Consent in Maryland Title IX Cases

Many cases involving Title IX violations are based on apparent sexual violence. Others involve harassment that is apparently centered around another person’s sex. While a Title IX accusation is not a criminal matter, many of the same defenses that could apply in a criminal court case also apply to school disciplinary board hearings.

Perhaps the most powerful of all these defenses is consent. If a sexual partner agrees to have physical contact, this contact is not sexual assault. In a similar manner, if the alleged victim in a harassment case sends text messages and emails that appear to lead the defendant on, the defendant may introduce these messages as evidence of consent.

Consent in Maryland Title IX cases is an extremely important concept. An attorney could help you to gather evidence that the alleged victim in the incident gave their consent and that as a result, no unwelcome contact took place.

Using Consent as a Defense

Many allegations involving Title IX violations center around the idea that a defendant made unwelcome advances on another student because of that student’s sex. This can range in seriousness from sending unsolicited messages, to stalking, to rape. One thing that all these allegations have in common is that the alleged victim did not give their permission for contact. This applies to instances of physical contact, as well as electronic contact, or even surveillance.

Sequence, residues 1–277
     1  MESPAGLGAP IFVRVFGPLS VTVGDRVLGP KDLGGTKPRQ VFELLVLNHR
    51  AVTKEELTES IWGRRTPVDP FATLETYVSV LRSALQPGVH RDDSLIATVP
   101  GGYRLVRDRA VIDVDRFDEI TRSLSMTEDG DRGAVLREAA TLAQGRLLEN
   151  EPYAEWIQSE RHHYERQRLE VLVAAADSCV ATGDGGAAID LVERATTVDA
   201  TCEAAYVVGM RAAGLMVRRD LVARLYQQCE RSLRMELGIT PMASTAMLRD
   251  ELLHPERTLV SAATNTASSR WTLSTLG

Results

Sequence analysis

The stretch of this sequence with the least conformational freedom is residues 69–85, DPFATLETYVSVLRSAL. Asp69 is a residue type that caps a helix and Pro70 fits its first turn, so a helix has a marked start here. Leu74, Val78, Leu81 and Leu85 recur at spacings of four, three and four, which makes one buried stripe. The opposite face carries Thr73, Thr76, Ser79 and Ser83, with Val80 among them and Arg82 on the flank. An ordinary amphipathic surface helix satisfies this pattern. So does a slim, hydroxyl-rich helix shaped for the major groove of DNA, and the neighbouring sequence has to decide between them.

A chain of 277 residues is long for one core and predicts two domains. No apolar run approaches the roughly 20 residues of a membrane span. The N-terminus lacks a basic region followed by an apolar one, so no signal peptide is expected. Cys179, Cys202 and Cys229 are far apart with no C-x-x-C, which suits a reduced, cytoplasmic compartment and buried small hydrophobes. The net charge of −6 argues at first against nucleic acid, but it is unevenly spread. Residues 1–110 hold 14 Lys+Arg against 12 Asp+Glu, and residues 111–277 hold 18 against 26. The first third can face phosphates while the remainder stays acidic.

It is an extremely powerful defense to many Title IX accusations in Maryland to provide evidence that any contact between the two people was consensual. If a defendant can provide text messages where an alleged victim initiated a conversation and never told the defendant to stop, this can defeat allegations of harassment.

Similarly, witnesses to an interaction between the two parties may be able to testify that any physical contact between the two was mutual. An attorney could help defendant students to explore consent as a defense in Maryland Title IX cases.

Helping to Gather Evidence

The schools’ Title IX investigatory boards have only one goal: to enforce their schools’ Title IX policies. This includes the gathering of evidence that supports their case and may even include forcing a defendant to testify in person. It is essential to understand that the investigator is not there to help a defendant or even to suggest a way to gather evidence.

The onus for this process falls entirely on the defendant. An attorney could help to gather evidence of consent that may provide a potent counter-point to cases centered around unwanted contact. They can work to gather text messages or other electronic communications that may indicate an alleged victim’s willingness to meet.

They could also work to track down witnesses to any alleged improper contact that may be able to speak as to how each party was behaving before an alleged assault. In sum, a lawyer could help to broaden a defendant’s reach in gathering key evidence to promote a defense centered on consent.

Consent in Maryland Title IX Cases is a Key Concept

Today’s society demands mutual consent for any interaction between potential romantic partners. Even making unsolicited phone calls, sending unwanted text messages, or showing up unannounced to a person’s home may constitute harassment. People making physical contact must be even more cautious. Any of these accusations could quickly derail your academic life.

One common defense to Title IX accusations in Maryland is to argue that any contact between yourself and the alleged victim was consensual. This can include the procurement of text messages, phone records, and witness statements that indicate that the contact was a two-way street. A student defense attorney could help you to gather this vital evidence. Don’t hesitate to call a lawyer today.